As a survivor of a Middle School, where each day brought a new fresh hell, and a High School that wasn’t completely horrible, I’ve found that I am no plebeian to bullying. I saw it everywhere, especially in Middle School. I wasn’t one of the “popular” kids but I didn’t need to be. Nor did I strive to be. I had my own solid group of friends that helped me to become who I am. They were the types of people that I could count on and for most part, to this day, I still do. Over the years, however, I’ve come to realize that the types of bullies in my life were the ones who I called friends. Thankfully those people are no longer in my life and I am thankful that I was not a victim to the heinous acts that I’ve heard so much about in books, movies, television and in everyday life.
In all of these cases, when I heard about bullying, it was always about who that person bullied. It wasn’t about how mean or disrespectful the bully was, but what could that person have done to that bully to be treated that way. I’ve seen bullies portrayed as these powerful beings who like to tear others down in order feel influential. We’re shown how being bullied can change how a person looks at the world. How being bullied can give you a false impression of yourself and in some cases, can cause you to take drastic measures. The bullied are portrayed as victims. Victims of circumstance. But what we’re not always shown is how bullying can affect the bully.
In Falling into Place, Liz Emerson is a bully. She bullies those who are victims of circumstance. They were in the wrong place at the wrong time. They are the people who wore the “wrong” clothes, who acted the “wrong” way, talked to the “wrong” people and had the “wrong” interests. But the truth is, the only “wrong” they actually committed was that they happened to be in Liz Emerson’s way. But Liz Emerson is not just a bully. She is also a victim. A victim of choice.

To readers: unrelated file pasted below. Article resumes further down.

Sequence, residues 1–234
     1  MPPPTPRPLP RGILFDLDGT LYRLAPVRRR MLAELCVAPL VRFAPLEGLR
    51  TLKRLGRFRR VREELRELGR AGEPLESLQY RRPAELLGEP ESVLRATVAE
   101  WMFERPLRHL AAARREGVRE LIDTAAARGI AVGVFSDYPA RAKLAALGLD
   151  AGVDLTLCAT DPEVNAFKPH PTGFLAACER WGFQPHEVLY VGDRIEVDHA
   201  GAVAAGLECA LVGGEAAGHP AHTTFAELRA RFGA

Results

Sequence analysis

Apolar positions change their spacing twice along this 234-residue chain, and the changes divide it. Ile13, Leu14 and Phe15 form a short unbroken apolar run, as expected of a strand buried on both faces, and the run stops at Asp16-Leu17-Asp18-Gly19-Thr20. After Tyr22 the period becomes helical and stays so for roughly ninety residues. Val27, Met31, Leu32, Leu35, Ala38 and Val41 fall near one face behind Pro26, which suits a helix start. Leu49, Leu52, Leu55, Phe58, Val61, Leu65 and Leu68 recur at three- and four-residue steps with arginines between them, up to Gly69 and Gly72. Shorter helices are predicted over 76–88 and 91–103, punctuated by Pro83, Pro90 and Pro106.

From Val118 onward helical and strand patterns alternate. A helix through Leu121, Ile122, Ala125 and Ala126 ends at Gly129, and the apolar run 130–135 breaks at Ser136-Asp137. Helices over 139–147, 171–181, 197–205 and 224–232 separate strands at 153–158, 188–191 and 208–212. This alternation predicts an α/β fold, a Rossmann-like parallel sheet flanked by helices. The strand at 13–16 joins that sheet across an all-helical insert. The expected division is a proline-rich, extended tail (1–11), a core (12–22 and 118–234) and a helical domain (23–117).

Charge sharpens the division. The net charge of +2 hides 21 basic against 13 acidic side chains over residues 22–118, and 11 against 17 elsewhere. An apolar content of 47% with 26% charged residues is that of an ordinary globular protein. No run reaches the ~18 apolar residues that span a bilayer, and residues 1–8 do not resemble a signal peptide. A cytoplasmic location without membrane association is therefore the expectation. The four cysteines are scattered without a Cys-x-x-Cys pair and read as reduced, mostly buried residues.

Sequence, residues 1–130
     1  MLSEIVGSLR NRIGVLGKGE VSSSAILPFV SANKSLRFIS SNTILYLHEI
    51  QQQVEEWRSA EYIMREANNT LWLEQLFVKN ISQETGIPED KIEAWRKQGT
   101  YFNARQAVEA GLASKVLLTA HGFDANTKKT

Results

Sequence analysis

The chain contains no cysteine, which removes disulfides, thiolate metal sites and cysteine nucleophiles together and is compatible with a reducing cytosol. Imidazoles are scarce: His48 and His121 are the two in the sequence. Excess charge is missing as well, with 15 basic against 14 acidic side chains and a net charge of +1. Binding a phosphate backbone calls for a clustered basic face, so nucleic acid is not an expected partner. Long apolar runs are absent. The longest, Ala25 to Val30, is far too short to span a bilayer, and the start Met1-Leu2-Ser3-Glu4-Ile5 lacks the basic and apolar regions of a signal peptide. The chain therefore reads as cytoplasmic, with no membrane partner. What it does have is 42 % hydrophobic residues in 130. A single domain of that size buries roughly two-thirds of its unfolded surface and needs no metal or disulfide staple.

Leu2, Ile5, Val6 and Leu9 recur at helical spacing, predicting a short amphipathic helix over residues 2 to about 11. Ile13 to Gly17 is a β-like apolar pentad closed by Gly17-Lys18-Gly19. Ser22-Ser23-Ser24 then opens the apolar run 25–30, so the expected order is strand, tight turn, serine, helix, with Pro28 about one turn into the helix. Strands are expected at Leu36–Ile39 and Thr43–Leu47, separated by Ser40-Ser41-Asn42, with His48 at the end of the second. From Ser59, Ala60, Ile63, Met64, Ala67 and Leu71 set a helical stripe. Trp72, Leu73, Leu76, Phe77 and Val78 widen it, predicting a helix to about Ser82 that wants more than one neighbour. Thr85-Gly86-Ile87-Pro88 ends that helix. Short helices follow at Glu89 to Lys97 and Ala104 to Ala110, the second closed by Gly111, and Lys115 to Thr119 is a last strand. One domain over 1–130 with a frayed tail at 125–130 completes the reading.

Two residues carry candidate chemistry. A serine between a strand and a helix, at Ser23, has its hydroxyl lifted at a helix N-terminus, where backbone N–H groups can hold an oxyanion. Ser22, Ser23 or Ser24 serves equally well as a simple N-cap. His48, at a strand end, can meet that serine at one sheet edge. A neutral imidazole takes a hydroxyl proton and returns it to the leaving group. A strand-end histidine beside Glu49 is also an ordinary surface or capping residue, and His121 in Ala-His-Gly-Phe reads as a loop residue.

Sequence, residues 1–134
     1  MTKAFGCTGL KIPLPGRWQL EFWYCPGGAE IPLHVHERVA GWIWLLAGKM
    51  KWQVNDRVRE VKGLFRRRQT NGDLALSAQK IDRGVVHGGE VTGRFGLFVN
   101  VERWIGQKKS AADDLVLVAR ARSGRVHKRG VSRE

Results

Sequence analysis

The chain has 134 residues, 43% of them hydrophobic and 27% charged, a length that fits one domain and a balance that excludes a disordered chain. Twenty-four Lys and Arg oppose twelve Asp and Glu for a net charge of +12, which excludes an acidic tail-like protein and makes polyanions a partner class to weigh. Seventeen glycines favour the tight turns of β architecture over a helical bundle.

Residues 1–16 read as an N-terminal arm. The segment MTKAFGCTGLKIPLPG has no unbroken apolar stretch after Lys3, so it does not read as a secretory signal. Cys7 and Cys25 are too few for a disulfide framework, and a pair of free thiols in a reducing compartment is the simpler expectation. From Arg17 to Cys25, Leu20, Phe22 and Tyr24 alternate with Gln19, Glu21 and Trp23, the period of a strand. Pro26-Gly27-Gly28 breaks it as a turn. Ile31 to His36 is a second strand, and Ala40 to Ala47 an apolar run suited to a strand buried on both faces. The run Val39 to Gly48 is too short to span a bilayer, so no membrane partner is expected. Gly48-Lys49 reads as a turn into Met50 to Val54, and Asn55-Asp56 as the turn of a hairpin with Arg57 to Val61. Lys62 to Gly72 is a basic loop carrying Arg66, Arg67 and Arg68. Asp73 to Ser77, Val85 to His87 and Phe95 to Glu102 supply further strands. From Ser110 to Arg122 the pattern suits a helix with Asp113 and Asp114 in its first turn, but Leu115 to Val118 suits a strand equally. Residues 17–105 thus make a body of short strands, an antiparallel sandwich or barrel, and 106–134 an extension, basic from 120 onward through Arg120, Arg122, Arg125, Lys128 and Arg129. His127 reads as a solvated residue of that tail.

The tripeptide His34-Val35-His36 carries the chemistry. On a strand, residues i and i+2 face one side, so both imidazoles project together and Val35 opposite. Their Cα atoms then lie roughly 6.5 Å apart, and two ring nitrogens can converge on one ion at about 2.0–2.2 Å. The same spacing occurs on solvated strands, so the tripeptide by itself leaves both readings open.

In Falling into Place Liz Emerson feels as though she has no choice in what she does. She tears other people down to simple watch them fall. She doesn’t bully others to lift her own self esteem. She doesn’t bully others to make herself seem cooler to her peers. She doesn’t bully others because she gets some kind of satisfaction out of it. She does it because she feels like she has to. She has forgotten that she can make her own choices and that she can choose the way her life plays out. This is the reason why she is a bully. This is also one of the reasons why she wants to die. To Liz Emerson, this is the one choice that she can make absolutely. She felt as if she had no power over her actions towards others, but she can choose which actions to impose on herself. She can choose to end her own life.
I met Amy Zhang about a month and a half ago at Books of Wonder, here in New York. She spoke about how she was bullied when she was in school and how that experience influenced and changed her. She spoke about the damage that Liz Emerson invokes upon others and how that damage came right back to bite her. Like Newton’s 3rd law states, “Every action has an equal and opposite reaction,” but this law affected Liz Emerson in a way that you might not immediately expect.
Falling into Place sheds light on the fact that you can never truly know what another person is going through. It’s book that focuses on action and reaction. The different forces at work. The reasons why we are the way we are. Falling into Place is thought provoking, as well as, heart breaking and I would highly recommend it.